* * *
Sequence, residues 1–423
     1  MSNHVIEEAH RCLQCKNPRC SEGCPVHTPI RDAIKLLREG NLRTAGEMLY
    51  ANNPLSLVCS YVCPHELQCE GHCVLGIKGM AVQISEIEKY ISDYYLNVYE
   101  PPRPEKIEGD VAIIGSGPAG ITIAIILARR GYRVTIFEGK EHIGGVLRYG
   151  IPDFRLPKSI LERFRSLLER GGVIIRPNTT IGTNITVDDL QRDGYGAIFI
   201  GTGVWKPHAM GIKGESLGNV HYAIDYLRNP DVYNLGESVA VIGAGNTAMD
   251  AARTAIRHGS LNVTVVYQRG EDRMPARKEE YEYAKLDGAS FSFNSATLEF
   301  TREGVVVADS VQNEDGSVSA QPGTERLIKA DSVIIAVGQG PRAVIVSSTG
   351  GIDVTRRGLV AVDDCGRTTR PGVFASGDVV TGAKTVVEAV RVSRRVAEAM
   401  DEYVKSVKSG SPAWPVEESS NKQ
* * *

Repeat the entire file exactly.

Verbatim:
Sequence, residues 1–423
     1  MSNHVIEEAH RCLQCKNPRC SEGCPVHTPI RDAIKLLREG NLRTAGEMLY
    51  ANNPLSLVCS YVCPHELQCE GHCVLGIKGM AVQISEIEKY ISDYYLNVYE
   101  PPRPEKIEGD VAIIGSGPAG ITIAIILARR GYRVTIFEGK EHIGGVLRYG
   151  IPDFRLPKSI LERFRSLLER GGVIIRPNTT IGTNITVDDL QRDGYGAIFI
   201  GTGVWKPHAM GIKGESLGNV HYAIDYLRNP DVYNLGESVA VIGAGNTAMD
   251  AARTAIRHGS LNVTVVYQRG EDRMPARKEE YEYAKLDGAS FSFNSATLEF
   301  TREGVVVADS VQNEDGSVSA QPGTERLIKA DSVIIAVGQG PRAVIVSSTG
   351  GIDVTRRGLV AVDDCGRTTR PGVFASGDVV TGAKTVVEAV RVSRRVAEAM
   401  DEYVKSVKSG SPAWPVEESS NKQ